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The Nymphos of Rocky Flats [NOOK Book]

Overview

The first and only vampire book to be declassified
by the federal government . . .

Felix Gomez went to Iraq a soldier. He came back a vampire.

Now he finds himself pulled into a web of intrigue when an old friend prompts him to investigate an outbreak of nymphomania at the secret government facilities in Rocky Flats. He'll find out the cause of all these horny women or die ...

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The Nymphos of Rocky Flats

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Overview

The first and only vampire book to be declassified
by the federal government . . .

Felix Gomez went to Iraq a soldier. He came back a vampire.

Now he finds himself pulled into a web of intrigue when an old friend prompts him to investigate an outbreak of nymphomania at the secret government facilities in Rocky Flats. He'll find out the cause of all these horny women or die trying! But first he must contend with shadowy government agents, Eastern European vampire hunters, and women who just want his body . . .

Skewering sexual myths, conspiracy fables, and government bureaucracy, The Nymphos of Rocky Flats reveals the bizarre world of the undead with a humorous slant and a fresh twist.

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Editorial Reviews

From Barnes & Noble
The Barnes & Noble Review
The opening lines of The Nymphos of Rocky Flats -- "I don't like what Operation Iraqi Freedom has done to me. I went to the war a soldier; I came back a vampire" -- perfectly sum up the ambiance of this fast-paced and charmingly irreverent blood-sucking mystery.

A decidedly unique twist on the well-trodden vampire mythos, Mario Acevedo's first novel chronicles the adventures of Felix Gomez, a former Army sergeant turned private detective investigating an outbreak of nymphomania (yes, nymphomania!) at a former U.S. Department of Energy nuclear weapons facility in Colorado. When an old college buddy working as the Rocky Flats assistant manager for environmental restoration contacts Gomez with a lucrative -- and downright intriguing -- case revolving around bizarre occurrences of uncontrollable sexual behavior in female employees and a huge government cover-up, the undead detective quickly accepts. But what he thought would be a relatively clear-cut case turns into a massive conspiracy involving radioactive waste, Area 51, extraterrestrial biological entities, fanatical Transylvanian vampire hunters, Tantric mysticism, and, of course, plenty of oversexed women.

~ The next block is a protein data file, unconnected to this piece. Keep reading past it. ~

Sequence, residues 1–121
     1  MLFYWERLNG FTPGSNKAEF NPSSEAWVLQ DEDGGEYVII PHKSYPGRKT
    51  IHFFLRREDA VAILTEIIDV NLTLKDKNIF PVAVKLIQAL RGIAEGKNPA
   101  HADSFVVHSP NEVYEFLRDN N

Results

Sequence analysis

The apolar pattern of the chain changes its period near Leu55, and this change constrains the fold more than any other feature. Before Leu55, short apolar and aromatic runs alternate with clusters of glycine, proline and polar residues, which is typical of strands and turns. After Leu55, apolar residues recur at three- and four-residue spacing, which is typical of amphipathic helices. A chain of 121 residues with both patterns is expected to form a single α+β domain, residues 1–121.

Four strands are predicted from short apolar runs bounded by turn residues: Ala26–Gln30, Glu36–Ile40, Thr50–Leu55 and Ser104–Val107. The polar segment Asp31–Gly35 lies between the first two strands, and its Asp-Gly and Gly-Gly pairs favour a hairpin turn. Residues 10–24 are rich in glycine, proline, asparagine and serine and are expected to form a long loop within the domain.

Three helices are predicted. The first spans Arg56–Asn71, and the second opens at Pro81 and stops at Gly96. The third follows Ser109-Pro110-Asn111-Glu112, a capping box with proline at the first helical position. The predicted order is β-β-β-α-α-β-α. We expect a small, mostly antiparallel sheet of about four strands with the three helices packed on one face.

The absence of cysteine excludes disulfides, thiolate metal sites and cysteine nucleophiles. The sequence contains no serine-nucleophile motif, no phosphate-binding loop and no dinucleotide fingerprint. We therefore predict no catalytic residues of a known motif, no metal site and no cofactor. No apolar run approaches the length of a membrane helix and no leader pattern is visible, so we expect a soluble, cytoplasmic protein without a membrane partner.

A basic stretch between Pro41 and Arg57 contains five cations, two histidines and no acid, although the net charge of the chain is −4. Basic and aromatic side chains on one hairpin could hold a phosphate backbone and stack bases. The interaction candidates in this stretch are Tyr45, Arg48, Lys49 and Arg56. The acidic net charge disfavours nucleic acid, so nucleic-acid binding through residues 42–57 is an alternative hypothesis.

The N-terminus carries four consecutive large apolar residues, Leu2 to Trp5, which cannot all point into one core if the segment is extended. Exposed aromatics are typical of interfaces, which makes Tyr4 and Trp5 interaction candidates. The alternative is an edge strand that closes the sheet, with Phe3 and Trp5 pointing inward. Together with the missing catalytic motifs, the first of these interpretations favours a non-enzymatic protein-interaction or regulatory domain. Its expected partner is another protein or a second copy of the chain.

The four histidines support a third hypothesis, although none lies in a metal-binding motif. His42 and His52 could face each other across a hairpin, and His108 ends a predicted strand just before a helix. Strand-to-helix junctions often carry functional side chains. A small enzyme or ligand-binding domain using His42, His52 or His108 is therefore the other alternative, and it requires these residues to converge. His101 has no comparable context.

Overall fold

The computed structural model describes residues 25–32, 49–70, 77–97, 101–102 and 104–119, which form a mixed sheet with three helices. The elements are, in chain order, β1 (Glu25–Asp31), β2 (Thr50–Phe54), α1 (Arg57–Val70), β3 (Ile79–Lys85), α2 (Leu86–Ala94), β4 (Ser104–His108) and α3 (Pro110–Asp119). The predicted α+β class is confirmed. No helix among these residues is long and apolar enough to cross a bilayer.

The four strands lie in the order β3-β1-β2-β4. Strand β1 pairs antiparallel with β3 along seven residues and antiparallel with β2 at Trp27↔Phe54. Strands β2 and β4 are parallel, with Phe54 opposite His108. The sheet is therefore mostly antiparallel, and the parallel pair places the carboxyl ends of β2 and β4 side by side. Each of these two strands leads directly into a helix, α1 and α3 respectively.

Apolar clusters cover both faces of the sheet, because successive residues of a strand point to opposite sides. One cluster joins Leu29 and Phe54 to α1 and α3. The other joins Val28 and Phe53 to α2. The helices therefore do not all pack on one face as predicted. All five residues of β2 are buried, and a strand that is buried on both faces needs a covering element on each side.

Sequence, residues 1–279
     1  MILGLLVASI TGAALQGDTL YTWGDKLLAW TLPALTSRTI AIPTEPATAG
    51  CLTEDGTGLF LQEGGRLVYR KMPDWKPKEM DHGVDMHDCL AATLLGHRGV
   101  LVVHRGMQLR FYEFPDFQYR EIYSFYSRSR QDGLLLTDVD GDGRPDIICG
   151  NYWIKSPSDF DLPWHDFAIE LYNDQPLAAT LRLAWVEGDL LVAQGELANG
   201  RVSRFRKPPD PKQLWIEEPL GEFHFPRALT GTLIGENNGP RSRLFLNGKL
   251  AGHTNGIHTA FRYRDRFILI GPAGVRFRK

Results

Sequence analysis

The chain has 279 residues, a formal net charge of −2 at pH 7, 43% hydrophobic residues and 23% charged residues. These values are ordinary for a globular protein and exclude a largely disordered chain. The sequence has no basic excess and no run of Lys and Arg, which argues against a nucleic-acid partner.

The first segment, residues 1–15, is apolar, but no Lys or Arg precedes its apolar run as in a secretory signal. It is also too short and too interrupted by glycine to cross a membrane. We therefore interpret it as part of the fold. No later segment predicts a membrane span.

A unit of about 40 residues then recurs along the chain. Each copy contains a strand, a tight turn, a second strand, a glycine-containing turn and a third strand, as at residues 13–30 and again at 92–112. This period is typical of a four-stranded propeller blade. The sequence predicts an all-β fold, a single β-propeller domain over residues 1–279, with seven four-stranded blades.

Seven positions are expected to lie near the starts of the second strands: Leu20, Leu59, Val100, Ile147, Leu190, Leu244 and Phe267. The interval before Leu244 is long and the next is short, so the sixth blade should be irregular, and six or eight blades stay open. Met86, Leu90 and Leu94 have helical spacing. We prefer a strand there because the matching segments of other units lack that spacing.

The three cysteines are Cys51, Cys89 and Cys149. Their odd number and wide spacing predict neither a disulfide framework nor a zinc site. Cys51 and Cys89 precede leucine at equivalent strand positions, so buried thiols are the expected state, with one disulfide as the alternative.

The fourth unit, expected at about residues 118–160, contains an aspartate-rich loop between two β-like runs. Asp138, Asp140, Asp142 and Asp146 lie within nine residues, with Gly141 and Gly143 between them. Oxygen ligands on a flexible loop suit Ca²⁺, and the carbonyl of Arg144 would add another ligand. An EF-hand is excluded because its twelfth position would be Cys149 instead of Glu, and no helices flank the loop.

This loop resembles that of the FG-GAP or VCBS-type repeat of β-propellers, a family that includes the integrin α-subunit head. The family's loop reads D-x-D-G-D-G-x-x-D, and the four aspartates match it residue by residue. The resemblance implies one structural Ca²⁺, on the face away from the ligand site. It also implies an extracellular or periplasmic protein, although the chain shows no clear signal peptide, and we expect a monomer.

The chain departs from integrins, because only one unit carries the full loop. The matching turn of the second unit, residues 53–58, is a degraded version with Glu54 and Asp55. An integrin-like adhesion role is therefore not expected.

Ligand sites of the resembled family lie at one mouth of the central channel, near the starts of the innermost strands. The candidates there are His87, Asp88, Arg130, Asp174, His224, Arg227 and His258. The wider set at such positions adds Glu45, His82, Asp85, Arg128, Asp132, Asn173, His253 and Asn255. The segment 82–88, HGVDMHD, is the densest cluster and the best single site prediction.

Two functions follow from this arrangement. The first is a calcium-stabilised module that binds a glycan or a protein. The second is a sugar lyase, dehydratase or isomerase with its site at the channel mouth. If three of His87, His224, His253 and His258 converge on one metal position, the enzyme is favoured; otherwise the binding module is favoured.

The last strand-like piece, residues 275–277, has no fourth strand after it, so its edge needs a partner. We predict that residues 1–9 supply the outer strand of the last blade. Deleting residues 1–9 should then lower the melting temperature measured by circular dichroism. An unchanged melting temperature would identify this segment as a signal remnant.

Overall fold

Comparable to Andrew Fox's Bride of the Fat White Vampire and Charlie Huston's Already Dead, Acevedo's debut offering -- which has one of the most memorable titles to come along in years! -- marks the unveiling of an ingeniously witty and surprisingly polished storyteller. Fans of authors like Paul Di Filippo, Cory Doctorow, and Steve Aylett will cherish this highly unusual and impressive read. Two fangs up! Paul Goat Allen
Publishers Weekly
This debut novel succeeds largely because Acevedo gleefully acknowledges that it takes a lot to make a vampire story interesting anymore. PI Felix Gomez, an ex-soldier who became a vampire while serving in Iraq, uses his supernatural powers to solve mysteries that befuddle mere mortals. When a friend in the Department of Energy asks him to look into an outbreak of nymphomania among female guards at a plutonium processing plant in Colorado, things get really weird: hypnotized personnel talk cryptically about Roswell and something called Project Redlight, trained assassins start decimating the local vampire community and an amorous dryad shows up to assist in the detective work. As though this weren't enough, Felix refuses to drink human blood, an ethical stand that attenuates his uncanny powers and results in intriguing plot complications. Not everything adds up by the book's dizzying finale, but most readers will be too charmed by the crisp style to notice the loose ends. Acevedo doesn't add anything new to the modern vampire tale, but he has a lot of fun sounding its bells and whistles. (Mar.) Copyright 2006 Reed Business Information.